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Old 10-25-2012, 09:32 AM   #16
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Major interior remodel - a few questions


The "laundry" needs a dedicated 20 amp circuit. So if you have a "laundry" room with a washing machine in it, all the receptacles in that space can be on the laundry circuit. If the water softener is in that space, it can be on the laundry circuit.

As mentioned the fridge can be on the 2 small appliance 20A circuits in the kitchen. The dining room can also be on one of those circuits but I don't do either of those. I run a dedicated 15 to the fridge and separate circuit for the dining room. That's just me.

I connect the lighting to the receptacle circuits in residential. No reason at all not to.

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Old 10-26-2012, 03:07 PM   #17
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Major interior remodel - a few questions


Thanks for the advice. Will up the circuit to the laundry room to 20A. I'm not sure if it actually has to be completely separated from the 220 for the dryer, but to be safe I'm going to do it that way. (I also thought of running a subpanel to the utility room area and running the furnace, softener, washer and dryer off of it on different circuits, which would consolidate wiring a bit, but it might just be a better idea to stick with the original plan.)

I redid my wiring ampacity plan as follows now:
  • 15A (3) circuits for all 3 bedrooms
  • 15A (2) circuits for the living room
  • 15A circuit for the family room
  • 15A circuit for general basement outlets and lighting
  • 15A for furnace blower
  • 20A (2) circuits for the kitchen
  • 20A circuit for the dining room
  • 20A circuit for the utility/laundry room (washer, softener)
  • 20A (2) circuit in each bathroom
  • 20A 220V for central air (that's what it has right now)
  • 30A 220V for electric dryer (same, has that right now)
  • 30A 220 feed to subpanel for detached garage

So, another thing. In terms of general prep for the inspection, do I need to leave ALL of my walls open? Or can I put say the top half of the drywall in and leave the bottom (where all the receptacles are) and areas around switches open? Is it enough that the inspector can simply see where my wiring is going and that it's the right gauge, or do they need actual access to the entire wire run end to end?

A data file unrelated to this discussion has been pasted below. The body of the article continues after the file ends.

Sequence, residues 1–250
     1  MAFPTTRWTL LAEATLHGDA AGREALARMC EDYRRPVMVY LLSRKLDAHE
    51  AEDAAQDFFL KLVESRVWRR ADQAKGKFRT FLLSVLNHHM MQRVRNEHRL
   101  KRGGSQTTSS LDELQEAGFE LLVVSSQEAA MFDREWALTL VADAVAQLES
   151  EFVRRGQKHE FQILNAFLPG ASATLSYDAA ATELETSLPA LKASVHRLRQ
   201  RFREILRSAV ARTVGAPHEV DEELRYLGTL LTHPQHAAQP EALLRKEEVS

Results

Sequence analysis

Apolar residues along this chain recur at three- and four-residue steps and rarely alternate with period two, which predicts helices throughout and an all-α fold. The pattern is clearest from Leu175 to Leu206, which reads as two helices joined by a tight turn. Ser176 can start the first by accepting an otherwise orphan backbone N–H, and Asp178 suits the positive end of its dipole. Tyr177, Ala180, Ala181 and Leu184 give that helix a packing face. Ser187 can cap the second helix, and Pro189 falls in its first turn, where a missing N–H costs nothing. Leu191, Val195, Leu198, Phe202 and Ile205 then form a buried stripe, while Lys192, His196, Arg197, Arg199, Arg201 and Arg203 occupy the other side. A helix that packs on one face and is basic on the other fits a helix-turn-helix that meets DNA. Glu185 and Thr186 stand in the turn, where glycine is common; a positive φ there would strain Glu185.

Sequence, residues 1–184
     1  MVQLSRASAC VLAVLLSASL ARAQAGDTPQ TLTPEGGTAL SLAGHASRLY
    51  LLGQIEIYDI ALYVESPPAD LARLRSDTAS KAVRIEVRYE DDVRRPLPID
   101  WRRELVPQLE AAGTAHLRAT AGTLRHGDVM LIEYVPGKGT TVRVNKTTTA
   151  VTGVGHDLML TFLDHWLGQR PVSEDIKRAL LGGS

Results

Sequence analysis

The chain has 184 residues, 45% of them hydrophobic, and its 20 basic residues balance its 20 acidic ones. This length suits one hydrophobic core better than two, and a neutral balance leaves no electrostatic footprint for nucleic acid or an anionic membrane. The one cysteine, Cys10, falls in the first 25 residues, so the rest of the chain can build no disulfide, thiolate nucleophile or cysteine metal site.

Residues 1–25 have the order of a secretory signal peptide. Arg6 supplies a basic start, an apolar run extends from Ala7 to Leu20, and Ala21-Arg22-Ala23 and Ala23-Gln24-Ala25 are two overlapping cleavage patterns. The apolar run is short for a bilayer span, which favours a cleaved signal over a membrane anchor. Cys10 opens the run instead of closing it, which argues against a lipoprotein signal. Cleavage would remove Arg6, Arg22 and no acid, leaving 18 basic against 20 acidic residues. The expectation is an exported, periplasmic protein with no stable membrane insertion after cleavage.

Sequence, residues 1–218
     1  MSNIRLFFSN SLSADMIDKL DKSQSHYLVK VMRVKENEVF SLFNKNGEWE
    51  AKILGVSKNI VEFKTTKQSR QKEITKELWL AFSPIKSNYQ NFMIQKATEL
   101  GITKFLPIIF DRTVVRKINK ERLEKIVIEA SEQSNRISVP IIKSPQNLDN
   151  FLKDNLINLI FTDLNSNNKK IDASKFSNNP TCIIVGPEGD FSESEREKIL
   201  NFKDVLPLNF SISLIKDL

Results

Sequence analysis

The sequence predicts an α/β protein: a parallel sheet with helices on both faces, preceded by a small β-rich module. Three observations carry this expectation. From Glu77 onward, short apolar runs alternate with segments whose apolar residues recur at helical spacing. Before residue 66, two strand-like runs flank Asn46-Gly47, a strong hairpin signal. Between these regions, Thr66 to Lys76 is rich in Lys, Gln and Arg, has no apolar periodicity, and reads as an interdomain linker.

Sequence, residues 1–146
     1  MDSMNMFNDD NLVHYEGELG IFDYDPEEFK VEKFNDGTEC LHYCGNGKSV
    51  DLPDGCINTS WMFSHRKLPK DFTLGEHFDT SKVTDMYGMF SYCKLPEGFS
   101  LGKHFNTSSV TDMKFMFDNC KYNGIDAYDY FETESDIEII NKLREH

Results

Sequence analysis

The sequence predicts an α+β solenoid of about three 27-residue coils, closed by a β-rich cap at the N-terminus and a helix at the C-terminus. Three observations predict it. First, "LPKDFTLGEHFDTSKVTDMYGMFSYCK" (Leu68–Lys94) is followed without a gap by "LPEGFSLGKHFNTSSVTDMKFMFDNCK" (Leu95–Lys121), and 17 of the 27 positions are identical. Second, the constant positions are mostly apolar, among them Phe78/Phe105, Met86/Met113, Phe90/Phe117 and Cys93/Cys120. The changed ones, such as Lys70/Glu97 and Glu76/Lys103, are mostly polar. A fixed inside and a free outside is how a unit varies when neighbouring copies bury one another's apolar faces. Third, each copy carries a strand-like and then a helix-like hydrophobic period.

The reason I ask is that I'm going to be installing a lot of suspended ceilings, and I need the wall installed to start installing the grid for these (for the perimeter). This would mean that I can't actually install my ceiling fixtures until the grid is installed (I'll be using some boxes designed to attach to the ceiling grid and some build-in flourescent fixtures). I could run wire to the correct locations for the fixtures, but I can't actually do anything until the ceiling is up which needs at least the top section of wall up...

Thanks again

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Old 10-26-2012, 03:13 PM   #18
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Major interior remodel - a few questions


Here you can not install any walls until after the insulation inspection, which comes after the electrical inspection.
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Old 10-26-2012, 04:58 PM   #19
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Major interior remodel - a few questions


Quote:
Originally Posted by jbfan View Post
Here you can not install any walls until after the insulation inspection, which comes after the electrical inspection.
Lots of places have no inspections. I think the OP mentioned something about that. My area was inspection free until about 3 years ago.
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Old 10-26-2012, 07:10 PM   #20
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Major interior remodel - a few questions


To make things easy, put lighting together on a couple of circuits, make the receptacles all 20amp.
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Old 10-26-2012, 10:13 PM   #21
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Originally Posted by gregzoll View Post
To make things easy, put lighting together on a couple of circuits, make the receptacles all 20amp.
Why? What is the reason to put receptacle outlets in bedrooms on 20 amp circuits? Living rooms? Hallways and foyers?
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Old 10-26-2012, 10:20 PM   #22
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If I had to redo my bedrooms, which I am thinking of doing it, is pulling 12/12 to replace the 14/2 I put in back in 2003, and making them 20 amp circuits. I can if I wanted to, run 2 lighting circuits on 15 amp, due to using CFL's and fluorescent fixtures downstairs in the basement.